“You hear all these things about how you’re supposed to talk to people, and what you’re supposed to say, and what you’re not supposed to say,” she said. “I’m pretty homegrown for that.”

Still, she says the meetings have gone well, and that legislators have been receptive to at least hearing about Blue Lake.

“It doesn’t mean that we’re going to be getting assistance this year, because times are tough at the state,” she said. “But at least there hasn’t been anybody closing the door in our face, or yawning while we’re talking.”

So far, the state has kicked in nearly $50 million for Blue Lake — about half the initial cost of the project. Half of the city’s current request would be about $20 million.

“The chances of getting $20 million in this year’s capital budget is near zero,” said state Sen. Bert Stedman, R-Sitka.

He’s sitting in a rocking chair at the end of a conference table in his office. And he says there are a few factors working against Blue Lake: The capital budget, which funds one-time projects, is going to be smaller this year. Legislators also aren’t very likely to advocate for a big-ticket project that could take money out of their own districts. But even within a district, the competition for money is fierce. Stedman taps on a nearby notebook with all of the capital budget requests for his Senate District.

“It’s what, a 2-and-a-half inch binder? That’s got to be a good two inches of paper,” he says. “Each sheet is a separate project. I haven’t totaled them up, but there are 23 communities in our Senate district. We’re one of 20 Senate districts.”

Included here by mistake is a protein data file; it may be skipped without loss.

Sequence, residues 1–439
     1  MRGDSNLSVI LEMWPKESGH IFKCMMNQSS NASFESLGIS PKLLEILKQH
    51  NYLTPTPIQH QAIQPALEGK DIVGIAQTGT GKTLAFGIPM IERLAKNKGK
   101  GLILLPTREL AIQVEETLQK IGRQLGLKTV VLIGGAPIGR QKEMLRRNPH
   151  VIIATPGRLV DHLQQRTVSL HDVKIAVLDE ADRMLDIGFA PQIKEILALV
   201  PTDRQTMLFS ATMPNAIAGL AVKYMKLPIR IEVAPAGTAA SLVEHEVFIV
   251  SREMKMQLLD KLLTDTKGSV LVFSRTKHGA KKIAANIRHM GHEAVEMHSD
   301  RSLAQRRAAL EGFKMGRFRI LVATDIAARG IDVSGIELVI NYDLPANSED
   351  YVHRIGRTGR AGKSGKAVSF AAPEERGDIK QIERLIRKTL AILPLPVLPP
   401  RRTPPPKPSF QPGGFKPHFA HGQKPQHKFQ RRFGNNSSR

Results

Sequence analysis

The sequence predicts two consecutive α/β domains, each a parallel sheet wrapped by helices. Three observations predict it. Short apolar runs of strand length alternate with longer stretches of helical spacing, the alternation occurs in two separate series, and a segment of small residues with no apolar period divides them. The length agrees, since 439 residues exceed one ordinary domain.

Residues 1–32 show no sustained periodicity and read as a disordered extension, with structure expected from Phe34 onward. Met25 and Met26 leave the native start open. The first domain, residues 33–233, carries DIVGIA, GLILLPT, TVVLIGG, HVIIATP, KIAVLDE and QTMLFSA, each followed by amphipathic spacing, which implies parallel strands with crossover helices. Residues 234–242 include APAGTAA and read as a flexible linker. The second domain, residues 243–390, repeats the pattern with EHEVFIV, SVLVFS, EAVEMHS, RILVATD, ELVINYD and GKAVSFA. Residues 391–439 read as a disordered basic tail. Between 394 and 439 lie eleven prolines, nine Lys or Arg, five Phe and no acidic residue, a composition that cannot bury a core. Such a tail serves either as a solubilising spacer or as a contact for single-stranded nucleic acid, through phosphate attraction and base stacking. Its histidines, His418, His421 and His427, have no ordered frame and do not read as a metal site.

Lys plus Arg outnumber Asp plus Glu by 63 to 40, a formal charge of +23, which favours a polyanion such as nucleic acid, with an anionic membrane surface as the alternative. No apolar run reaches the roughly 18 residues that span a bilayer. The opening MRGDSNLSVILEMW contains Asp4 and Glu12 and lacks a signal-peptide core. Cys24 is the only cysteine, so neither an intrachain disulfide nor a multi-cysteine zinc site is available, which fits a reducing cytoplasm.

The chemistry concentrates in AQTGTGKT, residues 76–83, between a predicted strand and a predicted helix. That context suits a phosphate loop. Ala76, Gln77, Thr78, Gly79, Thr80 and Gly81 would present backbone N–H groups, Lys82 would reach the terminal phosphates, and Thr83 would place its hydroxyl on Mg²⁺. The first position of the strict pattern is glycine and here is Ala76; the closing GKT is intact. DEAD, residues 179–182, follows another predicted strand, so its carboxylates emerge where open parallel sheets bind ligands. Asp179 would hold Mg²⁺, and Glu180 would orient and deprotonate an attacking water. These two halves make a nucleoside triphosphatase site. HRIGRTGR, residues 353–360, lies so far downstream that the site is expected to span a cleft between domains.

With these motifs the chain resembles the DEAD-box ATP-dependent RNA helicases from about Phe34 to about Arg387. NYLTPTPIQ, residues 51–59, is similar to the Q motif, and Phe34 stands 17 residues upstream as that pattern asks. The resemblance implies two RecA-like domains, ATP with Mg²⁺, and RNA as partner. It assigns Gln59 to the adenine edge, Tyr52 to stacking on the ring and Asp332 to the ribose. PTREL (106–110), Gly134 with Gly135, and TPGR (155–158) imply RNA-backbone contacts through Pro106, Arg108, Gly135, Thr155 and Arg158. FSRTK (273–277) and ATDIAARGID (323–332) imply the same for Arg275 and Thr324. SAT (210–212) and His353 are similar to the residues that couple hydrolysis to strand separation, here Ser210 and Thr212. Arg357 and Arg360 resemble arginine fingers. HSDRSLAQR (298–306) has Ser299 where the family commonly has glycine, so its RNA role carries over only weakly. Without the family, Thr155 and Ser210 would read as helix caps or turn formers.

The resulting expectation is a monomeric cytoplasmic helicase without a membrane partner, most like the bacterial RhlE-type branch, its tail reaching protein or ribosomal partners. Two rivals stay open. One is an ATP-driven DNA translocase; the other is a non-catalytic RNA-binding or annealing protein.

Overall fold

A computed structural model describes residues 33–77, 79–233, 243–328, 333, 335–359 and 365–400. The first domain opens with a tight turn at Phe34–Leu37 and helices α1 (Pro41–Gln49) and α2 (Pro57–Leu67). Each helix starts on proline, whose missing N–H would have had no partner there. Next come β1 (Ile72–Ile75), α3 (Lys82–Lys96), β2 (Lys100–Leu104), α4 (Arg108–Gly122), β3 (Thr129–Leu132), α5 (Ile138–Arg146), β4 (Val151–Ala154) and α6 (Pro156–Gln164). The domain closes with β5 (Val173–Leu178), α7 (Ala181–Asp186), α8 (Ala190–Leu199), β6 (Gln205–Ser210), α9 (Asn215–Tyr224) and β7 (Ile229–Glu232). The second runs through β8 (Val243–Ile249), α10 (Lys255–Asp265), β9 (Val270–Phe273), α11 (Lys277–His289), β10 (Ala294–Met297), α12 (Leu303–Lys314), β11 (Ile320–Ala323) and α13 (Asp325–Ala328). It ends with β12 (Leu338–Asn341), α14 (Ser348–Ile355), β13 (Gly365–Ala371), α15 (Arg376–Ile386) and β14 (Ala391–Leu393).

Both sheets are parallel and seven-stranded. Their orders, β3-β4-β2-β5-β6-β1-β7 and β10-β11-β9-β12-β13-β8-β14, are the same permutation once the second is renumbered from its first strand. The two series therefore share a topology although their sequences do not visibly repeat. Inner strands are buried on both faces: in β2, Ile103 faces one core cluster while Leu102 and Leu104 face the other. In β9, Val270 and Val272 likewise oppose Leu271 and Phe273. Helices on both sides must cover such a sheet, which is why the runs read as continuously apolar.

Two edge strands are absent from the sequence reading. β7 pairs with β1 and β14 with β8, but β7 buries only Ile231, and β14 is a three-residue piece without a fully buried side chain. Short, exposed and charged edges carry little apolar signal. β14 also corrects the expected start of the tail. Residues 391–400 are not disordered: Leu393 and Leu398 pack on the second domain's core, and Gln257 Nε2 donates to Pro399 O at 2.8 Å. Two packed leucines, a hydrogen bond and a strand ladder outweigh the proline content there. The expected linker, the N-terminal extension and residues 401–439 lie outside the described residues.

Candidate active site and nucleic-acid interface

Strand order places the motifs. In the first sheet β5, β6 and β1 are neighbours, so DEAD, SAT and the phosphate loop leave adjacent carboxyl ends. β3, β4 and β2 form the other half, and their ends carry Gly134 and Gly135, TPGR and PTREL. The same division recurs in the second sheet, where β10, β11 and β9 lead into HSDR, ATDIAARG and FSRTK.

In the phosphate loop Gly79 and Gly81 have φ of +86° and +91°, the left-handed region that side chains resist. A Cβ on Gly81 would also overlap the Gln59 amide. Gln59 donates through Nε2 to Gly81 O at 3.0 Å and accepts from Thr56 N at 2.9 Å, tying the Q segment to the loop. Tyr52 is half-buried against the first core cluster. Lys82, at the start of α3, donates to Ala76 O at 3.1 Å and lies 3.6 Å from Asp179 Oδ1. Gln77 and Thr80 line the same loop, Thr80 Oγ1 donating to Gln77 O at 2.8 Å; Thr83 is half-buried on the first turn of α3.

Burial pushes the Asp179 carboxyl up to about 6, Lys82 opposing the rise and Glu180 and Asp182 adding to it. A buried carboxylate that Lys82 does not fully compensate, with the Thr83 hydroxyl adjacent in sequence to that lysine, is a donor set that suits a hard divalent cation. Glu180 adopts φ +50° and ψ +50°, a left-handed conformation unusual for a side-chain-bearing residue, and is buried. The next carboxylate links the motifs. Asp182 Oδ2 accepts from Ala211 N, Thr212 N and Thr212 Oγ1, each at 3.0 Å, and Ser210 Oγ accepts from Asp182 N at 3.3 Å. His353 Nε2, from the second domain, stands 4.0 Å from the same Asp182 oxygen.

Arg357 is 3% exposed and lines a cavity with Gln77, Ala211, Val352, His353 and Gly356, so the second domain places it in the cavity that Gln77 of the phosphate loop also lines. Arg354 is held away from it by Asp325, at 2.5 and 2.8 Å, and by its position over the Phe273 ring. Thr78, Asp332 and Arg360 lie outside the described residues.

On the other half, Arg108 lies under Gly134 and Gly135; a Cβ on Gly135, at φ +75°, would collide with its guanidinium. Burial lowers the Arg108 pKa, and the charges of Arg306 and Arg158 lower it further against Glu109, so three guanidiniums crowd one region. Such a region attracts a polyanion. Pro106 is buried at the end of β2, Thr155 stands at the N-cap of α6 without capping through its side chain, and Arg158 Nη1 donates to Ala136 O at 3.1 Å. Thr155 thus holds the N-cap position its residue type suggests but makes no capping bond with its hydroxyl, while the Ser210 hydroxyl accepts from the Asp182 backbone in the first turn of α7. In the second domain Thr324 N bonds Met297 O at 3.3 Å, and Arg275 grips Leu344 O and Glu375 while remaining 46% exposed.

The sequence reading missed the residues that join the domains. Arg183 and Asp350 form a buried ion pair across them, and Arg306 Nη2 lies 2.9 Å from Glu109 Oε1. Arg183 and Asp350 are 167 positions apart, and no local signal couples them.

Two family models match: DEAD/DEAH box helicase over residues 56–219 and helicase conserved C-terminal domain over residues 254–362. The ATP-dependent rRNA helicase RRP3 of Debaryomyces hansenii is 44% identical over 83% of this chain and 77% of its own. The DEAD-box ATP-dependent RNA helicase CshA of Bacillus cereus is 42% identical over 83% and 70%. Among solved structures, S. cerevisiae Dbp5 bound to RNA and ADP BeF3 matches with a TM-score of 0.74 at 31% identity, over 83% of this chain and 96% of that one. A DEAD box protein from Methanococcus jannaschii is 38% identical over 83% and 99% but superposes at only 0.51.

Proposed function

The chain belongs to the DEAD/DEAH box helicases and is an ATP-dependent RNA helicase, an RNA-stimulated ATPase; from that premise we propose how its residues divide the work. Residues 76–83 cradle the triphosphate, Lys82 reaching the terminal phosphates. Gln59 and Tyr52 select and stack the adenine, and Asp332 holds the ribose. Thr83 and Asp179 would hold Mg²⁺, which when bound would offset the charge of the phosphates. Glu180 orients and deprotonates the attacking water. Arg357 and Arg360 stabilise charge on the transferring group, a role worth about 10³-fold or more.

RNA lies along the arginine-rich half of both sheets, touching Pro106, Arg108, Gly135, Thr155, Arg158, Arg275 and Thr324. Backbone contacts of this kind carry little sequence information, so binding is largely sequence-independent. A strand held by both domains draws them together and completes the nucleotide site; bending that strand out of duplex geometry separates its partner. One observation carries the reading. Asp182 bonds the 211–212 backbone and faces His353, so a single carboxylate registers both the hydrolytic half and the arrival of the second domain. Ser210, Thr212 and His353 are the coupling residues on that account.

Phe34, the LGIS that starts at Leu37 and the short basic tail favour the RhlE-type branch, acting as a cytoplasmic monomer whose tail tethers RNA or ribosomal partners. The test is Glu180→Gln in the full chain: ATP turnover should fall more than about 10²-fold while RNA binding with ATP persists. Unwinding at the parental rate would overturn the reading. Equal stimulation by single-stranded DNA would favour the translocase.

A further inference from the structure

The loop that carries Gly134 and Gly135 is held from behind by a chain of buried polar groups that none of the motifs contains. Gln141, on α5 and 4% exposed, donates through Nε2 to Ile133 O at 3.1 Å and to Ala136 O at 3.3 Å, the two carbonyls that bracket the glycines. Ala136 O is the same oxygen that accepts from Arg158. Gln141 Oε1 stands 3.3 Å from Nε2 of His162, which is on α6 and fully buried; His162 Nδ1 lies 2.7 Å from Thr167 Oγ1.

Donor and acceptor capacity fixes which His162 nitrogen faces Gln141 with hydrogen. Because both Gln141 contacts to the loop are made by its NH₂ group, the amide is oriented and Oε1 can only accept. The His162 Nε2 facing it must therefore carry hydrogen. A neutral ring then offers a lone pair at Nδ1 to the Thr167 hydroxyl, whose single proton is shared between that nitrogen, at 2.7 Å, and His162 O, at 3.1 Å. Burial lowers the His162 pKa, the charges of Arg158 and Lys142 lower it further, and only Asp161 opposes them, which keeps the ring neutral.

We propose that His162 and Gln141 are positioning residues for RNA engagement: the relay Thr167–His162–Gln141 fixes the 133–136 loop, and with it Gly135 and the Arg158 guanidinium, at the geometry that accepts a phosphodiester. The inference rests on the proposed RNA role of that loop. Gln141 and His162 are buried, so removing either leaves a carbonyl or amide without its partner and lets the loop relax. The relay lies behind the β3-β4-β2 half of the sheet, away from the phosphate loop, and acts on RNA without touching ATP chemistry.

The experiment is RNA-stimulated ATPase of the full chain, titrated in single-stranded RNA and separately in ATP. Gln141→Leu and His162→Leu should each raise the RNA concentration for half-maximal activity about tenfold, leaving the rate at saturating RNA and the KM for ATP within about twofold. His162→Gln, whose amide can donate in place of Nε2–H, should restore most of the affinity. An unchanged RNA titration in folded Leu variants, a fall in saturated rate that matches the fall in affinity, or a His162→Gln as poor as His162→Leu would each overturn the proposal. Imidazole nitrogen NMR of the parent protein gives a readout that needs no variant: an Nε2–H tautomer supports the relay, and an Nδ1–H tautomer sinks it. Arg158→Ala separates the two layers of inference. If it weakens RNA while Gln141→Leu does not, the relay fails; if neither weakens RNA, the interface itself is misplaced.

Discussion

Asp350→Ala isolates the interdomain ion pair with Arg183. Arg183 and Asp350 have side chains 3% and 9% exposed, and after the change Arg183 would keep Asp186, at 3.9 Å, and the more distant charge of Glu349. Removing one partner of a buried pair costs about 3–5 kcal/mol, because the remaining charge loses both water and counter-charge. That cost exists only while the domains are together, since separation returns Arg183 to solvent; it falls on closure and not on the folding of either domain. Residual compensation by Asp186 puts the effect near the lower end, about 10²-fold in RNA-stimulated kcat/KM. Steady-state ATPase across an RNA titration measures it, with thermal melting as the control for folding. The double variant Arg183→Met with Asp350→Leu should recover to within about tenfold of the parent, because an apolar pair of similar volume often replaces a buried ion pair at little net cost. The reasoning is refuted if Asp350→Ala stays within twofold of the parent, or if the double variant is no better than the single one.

Still Stedman says it’s not a pointless trip for the Sitkans, or other local officials who hope to help their communities. Even if Blue Lake doesn’t get much money this year, energy is a huge concern across the entire state, and Stedman says it’s good for legislators to know the whole picture. And if he were in the shoes of Hackett and McConnell and the others from Sitka?

“I’d spend my time on the third floor with the governor’s office,” Stedman said. “And I’d spend some time with AEA, the Alaska Energy Authority.”

Anyway, he says Blue Lake is a short term obstacle in the way of Sitka’s long-term solution – a hydro project at Takatz Lake.

But still, what about those long odds? Why spend time meeting with legislators about something that seems unlikely to happen?

“Never make assumptions,” said Sitka Mayor Mim McConnell. “Don’t assume, always hope. We went in there with the hope that maybe, somehow, we’ll be able to get some funding.”

McConnell says they told legislators that if nothing happens, and the city has to bond out for the entire project, electrical rates could rise by as much as 60 percent. They told legislators that two new businesses make their products using propane because there’s just not enough electricity, and that a third — a proposed fish waste processing plant — called off plans to build in Sitka because it wouldn’t have had enough electricity.

“Obviously nobody made any promises,” she said. “But we got a lot of sympathy. And it was sincere sympathy.”

And some legislators told them that if they felt stonewalled by anyone, to give them a call for help.

“It wasn’t just an empty comment,” McConnell said. “There was actually something behind it, I think.”

The legislative session is about a third of the way through, which means it’s too early for anyone to know exactly whether the budgets will contain even a portion of the $43 million the city requested.

McConnell says she’s willing to make another visit if it will help, but that for now, it’s time to watch and wait.